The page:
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Let $E/\mathbf{C}$ be an elliptic curve with CM by the maximal order $\mathcal{O}_K$ of $K=\mathbf{Q}(\sqrt{-D})$ where $D$ is positive and square-free integer. To make it even more precise, let us assume that $E=\mathbf{C}/\Lambda_{\tau}$, where $\Lambda_{\tau}=\mathbf{Z}+\tau\mathbf{Z}$ and $\tau$ is in the Poincare upper half-plane. We endow $E$ with the usual flat metric coming from the complex plane, so $E$ comes equipped with a volume form. Consider the endomorphism $[\sqrt{-D}]:E\rightarrow E$. Let $\Gamma\subseteq E\times E$ be the graph of $[\sqrt{-D}]$. Then $\Gamma$ is isomorphic (as a complex manifold) to $E$, in particular it is a 2-cycle on $E\times E$. We endow $\Gamma$ with the induced metric coming from $E$ via the map $[\sqrt{-D}]$. We also endow $E\times E$ with the product metric coming from $E$. Now let $\eta$ be the Poincare dual of $\Gamma$: so if $\iota:\Gamma\hookrightarrow E\times E$ denotes the inclusion then for all $\omega\in A^2(E\times E)$, we have $\int_{\Gamma}\iota^*\eta=\int_{E\times E}\omega\wedge \eta$. Let $a,b\in H^1(E,\mathbf{Z})$ be the standard oriented basis of $E$: $a$ corresponds to cohomology class of the oriented vector joining $0$ to $1$, $b$ corresponds to the cohomology class of the oriented vector joining $0$ to $\tau$, so $a\cdot b=1$ (or $b\cdot a=-1$). From the Kuenneth formula we have a priviledged isomorphism $H^*(E\times E)\simeq\oplus_{i=1}^4 H^{i}(E)\otimes H^{4-i}(E)$. Via this isomorphism, there exists real numbers $c_i$ ($i=1\ldots 4$) such that $$ \eta=c_1\cdot(a\otimes a)+c_2\cdot(a\otimes b)+c_3\cdot(b\otimes a)+c_4\cdot(b\otimes b). $$ I would expect in general the $c_i$'s to depend on $D$. On the other hand I don't know if the $c_i$'s will depend on the Picard class of $\Lambda_{\tau}$ in general.

Q: Is there a method to compute the numbers $c_i$'s in a systematic way, so that we can clearly see their dependence on $D$?

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  • $\begingroup$ I thought a bit a bout my problem and now I realized that the way I set it up is probably not ideal. It is probably better to work with homology since then one can make pictures. The group $H_2(E,\mathbf{Z})$ has $3$ natural $\mathbf{Z}$-linearly independant elements, namely $E_1=E\times\{0\}$, $E_2=\{0\}\times E$ and $\Delta$ (the diagonal). Intuitively we should have $E_2\cdot \Gamma=1$ and $E_1\cdot\Gamma=D$. Though the intersection $\Delta\cdot \Gamma$ seems to be more complicated to compute. $\endgroup$ – Hugo Chapdelaine Aug 6 '14 at 19:49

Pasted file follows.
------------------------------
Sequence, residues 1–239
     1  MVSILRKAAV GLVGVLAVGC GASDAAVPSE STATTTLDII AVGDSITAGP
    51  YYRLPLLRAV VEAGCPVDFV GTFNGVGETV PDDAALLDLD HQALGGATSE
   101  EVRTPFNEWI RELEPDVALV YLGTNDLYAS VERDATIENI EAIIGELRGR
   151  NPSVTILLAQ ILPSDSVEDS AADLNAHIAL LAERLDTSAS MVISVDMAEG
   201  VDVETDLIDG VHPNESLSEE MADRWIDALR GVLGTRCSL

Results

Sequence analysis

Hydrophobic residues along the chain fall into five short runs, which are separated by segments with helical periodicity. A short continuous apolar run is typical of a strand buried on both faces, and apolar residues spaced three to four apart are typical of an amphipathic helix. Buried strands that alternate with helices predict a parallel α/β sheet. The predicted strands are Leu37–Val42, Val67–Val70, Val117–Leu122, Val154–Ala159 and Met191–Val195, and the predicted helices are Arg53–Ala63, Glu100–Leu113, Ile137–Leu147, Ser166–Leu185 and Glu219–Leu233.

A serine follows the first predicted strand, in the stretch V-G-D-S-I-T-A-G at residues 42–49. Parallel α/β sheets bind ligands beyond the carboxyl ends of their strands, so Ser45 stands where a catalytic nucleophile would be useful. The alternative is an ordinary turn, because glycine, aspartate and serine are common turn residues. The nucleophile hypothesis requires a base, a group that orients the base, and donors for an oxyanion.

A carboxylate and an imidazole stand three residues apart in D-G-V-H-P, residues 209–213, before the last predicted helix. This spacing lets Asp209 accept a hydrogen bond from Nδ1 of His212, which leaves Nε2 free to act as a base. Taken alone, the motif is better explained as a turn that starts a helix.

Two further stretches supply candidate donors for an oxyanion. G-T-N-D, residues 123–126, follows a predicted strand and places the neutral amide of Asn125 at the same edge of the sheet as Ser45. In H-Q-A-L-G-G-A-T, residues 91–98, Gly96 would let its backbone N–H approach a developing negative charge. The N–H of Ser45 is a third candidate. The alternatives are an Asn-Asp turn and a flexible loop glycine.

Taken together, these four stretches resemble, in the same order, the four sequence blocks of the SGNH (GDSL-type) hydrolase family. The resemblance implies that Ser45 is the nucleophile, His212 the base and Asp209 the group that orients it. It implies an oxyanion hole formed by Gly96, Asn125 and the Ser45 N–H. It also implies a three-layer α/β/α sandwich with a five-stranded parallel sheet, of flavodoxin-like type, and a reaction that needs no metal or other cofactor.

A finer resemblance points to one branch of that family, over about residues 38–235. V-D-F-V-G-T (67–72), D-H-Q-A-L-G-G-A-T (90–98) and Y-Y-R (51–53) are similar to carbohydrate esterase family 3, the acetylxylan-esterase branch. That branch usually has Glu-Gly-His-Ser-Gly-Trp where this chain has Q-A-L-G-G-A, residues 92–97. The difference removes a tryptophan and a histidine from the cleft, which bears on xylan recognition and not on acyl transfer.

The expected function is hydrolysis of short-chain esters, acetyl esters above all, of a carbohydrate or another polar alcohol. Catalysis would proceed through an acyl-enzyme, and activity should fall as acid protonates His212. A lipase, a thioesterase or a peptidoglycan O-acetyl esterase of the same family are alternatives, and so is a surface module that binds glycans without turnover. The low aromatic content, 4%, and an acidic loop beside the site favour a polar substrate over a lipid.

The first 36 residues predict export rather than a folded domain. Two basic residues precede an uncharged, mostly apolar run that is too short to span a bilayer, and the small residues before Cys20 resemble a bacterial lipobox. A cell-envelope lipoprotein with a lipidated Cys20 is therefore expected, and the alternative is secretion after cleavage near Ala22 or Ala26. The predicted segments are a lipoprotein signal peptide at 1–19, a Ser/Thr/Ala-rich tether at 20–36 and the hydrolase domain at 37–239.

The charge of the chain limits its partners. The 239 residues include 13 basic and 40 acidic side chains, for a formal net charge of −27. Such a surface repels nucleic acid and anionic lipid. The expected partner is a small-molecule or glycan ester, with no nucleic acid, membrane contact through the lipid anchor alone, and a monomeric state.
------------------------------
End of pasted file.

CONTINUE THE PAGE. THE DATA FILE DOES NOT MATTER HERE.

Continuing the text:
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Among $E_1, E_2, \Gamma, \Delta$ we have the intersections:

$E_1 \cdot E_1 = E_2\cdot E_2 = \Delta \cdot \Delta =\Gamma \cdot \Gamma =0 $

$E_1 \cdot E_2 = E_1 \cdot \Delta = E_2 \cdot \Delta =1$

$E_1 \cdot \Gamma = 1$

$E_2 \cdot \Gamma = D$

$\Delta \cdot \Gamma = 1+D$.

Presumably only the last computation will need explanation. The reason is just that you are coutining solutions to $(1-\sqrt{-D}) (x) \in \mathbb Z[\tau]$ modulo $\mathbb Z[\tau]$. The number of solutions is always the norm of $1-\sqrt{-D}$, or $1+D$.

Does this help?

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  • $\begingroup$ Hi @Will. I agree with everything you said except that I don't quite see why $\Delta\cdot\Gamma$ corresponds to $[(1-\sqrt{-D})^{-1}\mathcal{O}_K:\mathcal{O}_K]$ $\endgroup$ – Hugo Chapdelaine Aug 6 '14 at 23:14
  • $\begingroup$ Because it counts solutions to the equation $x = E(x)$ where $E$ is multiplication by $\sqrt{-D}$. For each such $x$, $(x,x)$ is a transverse intersection point of the two curves. $\endgroup$ – Will Sawin Aug 6 '14 at 23:29
  • $\begingroup$ Yes you are right! So this solves my question. Many thanks! $\endgroup$ – Hugo Chapdelaine Aug 7 '14 at 14:41

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